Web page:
Varadkar, Martin and Ryan to try and overcome major obstacles encountered in talks

Leo Varadkar, Micheál Martin and Eamon Ryan are to meet to try and overcome major obstacles encountered in talks between the parties seeking to form a government.
Varadkar, Martin and Ryan to try and overcome major obstacles encountered in talks
Leo Varadkar and Micheál Martin

Leo Varadkar, Micheál Martin and Eamon Ryan are to meet to try and overcome major obstacles encountered in talks between the parties seeking to form a government.

Issues relating to housing, the pension age, Direct Provision and the country’s roads are among the major stumbling blocks between the parties who cannot agree.

The Green Party is seeking to “gut entirely” the country’s road budget but this is being sharply resisted by Fine Gael and Fianna Fáil in talks aimed at forming a government.

Sources close to the project have highlighted that a number of key areas including housing, Direct Provision and transport are not yet agreed and will be “kicked up” to the leaders for a final decision.

With the talks entering their fourth week, sources have made clear tensions are running high.

“We are going into week four now and people are getting fed up of the whole thing. It is wearing on people. In any negotiation, you get to that stage and that is where we are,” said one source.

There have been sharp clashes between Fine Gael and Fianna Fáil with resentment building that Micheál Martin’s team have sided with the Greens on issues.

“Fine Gael are of the view that there doesn’t need to be any change, so we are kicking against that a good bit,” one source said.

The sessions on transport proved to be “very difficult” because of Green demands to radically reduce the budget for road building and maintenance to allow greater investment in public transport.

“It is not that public transport is the issue, it is what they want to do in cutting the road budget would make it unmanageable and undeliverable even in terms of road maintenance. So, it is the practicalities that aren’t adding up. It can be made add up but do the practicalities make up,” a source said.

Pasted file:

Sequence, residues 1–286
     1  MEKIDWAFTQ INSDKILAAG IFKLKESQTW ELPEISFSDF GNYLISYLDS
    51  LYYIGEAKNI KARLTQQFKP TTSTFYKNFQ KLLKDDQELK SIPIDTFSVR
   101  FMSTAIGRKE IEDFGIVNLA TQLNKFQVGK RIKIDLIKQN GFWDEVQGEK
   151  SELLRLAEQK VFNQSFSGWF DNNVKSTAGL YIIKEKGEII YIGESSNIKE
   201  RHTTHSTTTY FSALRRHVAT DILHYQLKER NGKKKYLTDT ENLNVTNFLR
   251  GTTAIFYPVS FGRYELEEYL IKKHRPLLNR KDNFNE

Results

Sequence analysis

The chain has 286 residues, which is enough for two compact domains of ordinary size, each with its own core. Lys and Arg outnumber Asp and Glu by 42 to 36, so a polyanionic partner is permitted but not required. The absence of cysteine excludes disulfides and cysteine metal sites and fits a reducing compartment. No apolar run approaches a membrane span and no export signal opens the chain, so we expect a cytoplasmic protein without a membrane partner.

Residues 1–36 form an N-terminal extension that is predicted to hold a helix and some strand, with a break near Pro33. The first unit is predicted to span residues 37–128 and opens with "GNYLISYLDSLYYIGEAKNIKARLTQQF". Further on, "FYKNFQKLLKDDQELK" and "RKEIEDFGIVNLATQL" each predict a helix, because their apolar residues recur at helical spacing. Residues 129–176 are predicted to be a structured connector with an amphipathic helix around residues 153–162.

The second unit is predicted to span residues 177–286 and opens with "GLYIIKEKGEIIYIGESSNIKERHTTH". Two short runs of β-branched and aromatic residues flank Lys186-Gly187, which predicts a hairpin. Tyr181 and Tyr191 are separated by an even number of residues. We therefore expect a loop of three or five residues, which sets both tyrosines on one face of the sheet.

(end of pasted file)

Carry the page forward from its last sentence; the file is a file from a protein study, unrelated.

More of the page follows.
Eamon Ryan
Eamon Ryan

The parties will for the first time today grapple with the highly contentious area of agriculture, amid commitments to reduce carbon emissions by 7% a year.

“A lot of work has gone in the past two weeks in trying to address the 7% thing. So, Jack Chambers, Richard Bruton and Brian Leddin have worked hard and should hopefully make things easier tomorrow,” the source said.

With Leo Varadkar setting a deadline of this Friday for a conclusion, a major plenary session on Tuesday is planned to allow the teams sign off on a lot of work agreed upon. Fine Gael's Patrick O'Donovan said he is not sure if there will a draft deal done this week and does not think there is any "immediate panic".

"The timeframe has to be about making sure that a programme for government, is likely to pass all of the hurdles that has to be passed."

Joe O'Brien of the Green Party said there has been a lot of agreement among parties involved in government formation talks, but they have been dealing with a lot of the easier issues and there are stickier issues to deal with yet.

"I think having an agreement by the end of the week is a target, it's probably an optimistic target in my view."

He said he thinks both Fianna Fáil and Fine Gael have some distance to go before they can get a deal that the Green Party can put to its membership that it thinks will pass.

Meanwhile, John McGuinness has said he's concerned a small party such as the Greens could 'walk out' of any Fianna Fáil/Fine Gael coalition government, and that he would have "much preferred" a national government.

It comes as government formation talks have been continuing between Fine Gael, Fianna Fáil and the Greens this weekend, with the aim of reaching a deal over the next week.

Mr McGuinness, Fianna Fáil TD for Carlow-Killenny, told Newstalk that he believes government formation talks have now gone on for too long.

Mr McGuinness said: "I think the parties are looking over their shoulder far too much, and I would like to see more speed in the delivery of a new government.

"What we don't want to do is end up with a government creating expectations that simply cannot be delivered on. A new government needs to be built on truth and reality,” he said.

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